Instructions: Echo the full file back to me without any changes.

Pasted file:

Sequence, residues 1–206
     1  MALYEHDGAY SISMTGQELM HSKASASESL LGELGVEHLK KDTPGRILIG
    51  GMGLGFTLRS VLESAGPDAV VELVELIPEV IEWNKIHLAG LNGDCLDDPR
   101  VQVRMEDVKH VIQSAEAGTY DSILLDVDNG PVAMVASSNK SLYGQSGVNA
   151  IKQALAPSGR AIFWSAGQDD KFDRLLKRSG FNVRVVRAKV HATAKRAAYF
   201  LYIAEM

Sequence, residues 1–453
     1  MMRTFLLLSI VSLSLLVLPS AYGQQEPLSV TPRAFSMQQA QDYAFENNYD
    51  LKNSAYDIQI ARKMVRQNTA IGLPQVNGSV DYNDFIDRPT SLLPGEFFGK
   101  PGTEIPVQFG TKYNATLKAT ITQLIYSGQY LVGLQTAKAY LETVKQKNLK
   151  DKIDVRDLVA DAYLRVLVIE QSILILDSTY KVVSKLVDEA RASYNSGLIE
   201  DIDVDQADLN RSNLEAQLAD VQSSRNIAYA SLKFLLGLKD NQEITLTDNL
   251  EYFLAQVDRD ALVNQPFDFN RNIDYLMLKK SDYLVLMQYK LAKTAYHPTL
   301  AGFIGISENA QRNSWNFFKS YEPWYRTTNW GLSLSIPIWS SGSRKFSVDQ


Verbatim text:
Sequence, residues 1–206
     1  MALYEHDGAY SISMTGQELM HSKASASESL LGELGVEHLK KDTPGRILIG
    51  GMGLGFTLRS VLESAGPDAV VELVELIPEV IEWNKIHLAG LNGDCLDDPR
   101  VQVRMEDVKH VIQSAEAGTY DSILLDVDNG PVAMVASSNK SLYGQSGVNA
   151  IKQALAPSGR AIFWSAGQDD KFDRLLKRSG FNVRVVRAKV HATAKRAAYF
   201  LYIAEM

Sequence, residues 1–453
     1  MMRTFLLLSI VSLSLLVLPS AYGQQEPLSV TPRAFSMQQA QDYAFENNYD
    51  LKNSAYDIQI ARKMVRQNTA IGLPQVNGSV DYNDFIDRPT SLLPGEFFGK
   101  PGTEIPVQFG TKYNATLKAT ITQLIYSGQY LVGLQTAKAY LETVKQKNLK
   151  DKIDVRDLVA DAYLRVLVIE QSILILDSTY KVVSKLVDEA RASYNSGLIE
   201  DIDVDQADLN RSNLEAQLAD VQSSRNIAYA SLKFLLGLKD NQEITLTDNL
   251  EYFLAQVDRD ALVNQPFDFN RNIDYLMLKK SDYLVLMQYK LAKTAYHPTL
   301  AGFIGISENA QRNSWNFFKS YEPWYRTTNW GLSLSIPIWS SGSRKFSVDQ